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Author: Zohra Segal
Publisher: Kali/Women Unlimited
ISBN/UPC (if available): 8188965618
“Eight years with Dada (Uday Shankar), fourteen years with Papa ji (Prithviraj Kapoor), twenty-five years in England on television. But when I returned to India in 1987, none of this was important — till I got a small role in a Hindi film!”
Zohra Segal’s no-holds-barred memoir is feisty, irreverent and candid — a ringside view of nearly a hundred years of her life on stage and screen, in India and England.
In 1930 Zohra Segal struck out and went to Germany to study modern dance at Mary Wigman’s Dance School in Dresden. It was a most unusual decision — and a most unusual choice of career for an aristocratic young Indian woman. But then, Zohra was nothing if not unusual.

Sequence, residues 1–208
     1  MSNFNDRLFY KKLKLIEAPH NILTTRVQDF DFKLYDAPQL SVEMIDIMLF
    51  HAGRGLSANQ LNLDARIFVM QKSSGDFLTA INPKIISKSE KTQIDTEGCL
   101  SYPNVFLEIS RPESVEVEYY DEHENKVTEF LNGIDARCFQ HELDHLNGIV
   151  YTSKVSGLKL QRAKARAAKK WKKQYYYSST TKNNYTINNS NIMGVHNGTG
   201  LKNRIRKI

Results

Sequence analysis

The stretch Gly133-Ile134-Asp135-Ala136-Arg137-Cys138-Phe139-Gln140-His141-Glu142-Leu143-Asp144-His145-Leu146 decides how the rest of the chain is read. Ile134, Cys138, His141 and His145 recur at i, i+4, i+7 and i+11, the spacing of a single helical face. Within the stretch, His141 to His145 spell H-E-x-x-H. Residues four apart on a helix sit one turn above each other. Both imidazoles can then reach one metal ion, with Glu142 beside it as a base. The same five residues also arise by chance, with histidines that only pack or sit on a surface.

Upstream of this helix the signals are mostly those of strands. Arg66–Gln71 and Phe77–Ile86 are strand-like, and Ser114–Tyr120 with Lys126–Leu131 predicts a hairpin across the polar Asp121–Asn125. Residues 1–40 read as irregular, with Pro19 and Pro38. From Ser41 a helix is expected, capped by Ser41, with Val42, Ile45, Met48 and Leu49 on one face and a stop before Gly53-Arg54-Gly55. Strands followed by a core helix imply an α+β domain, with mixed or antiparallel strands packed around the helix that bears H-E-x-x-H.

In 1933 she returned to India, and in 1935 joined Uday Shankar’s famed dance academy in Almora, together with Simkie and fellow dancer, Kameshwar, whom she married in 1942. On to Lahore and the Zoresh Dance Institute — and then her big move into acting: Prithvi Theatres, the Old Vic, the British Drama League, BBC television, The Jewel in the Crown, Toba Tek Singh, Bhaji on the Beach…
Along the way she recounts her encounters with the greats of British theatre in the 1960s and ’70s — Sir Laurence Olivier, Sir Tyrone Guthrie, Fiona Walker, Priscilla Morgan and James Kerry among others — as well as her early forays into British television with Waris Hosain.
In this unputdownable memoir, Zohra Segal recreates her life as one of India’s greatest and best-loved stage and screen actresses with the same verve and spirit that she brings to all her performances. As she says, “Whatever I do, is for an audience!”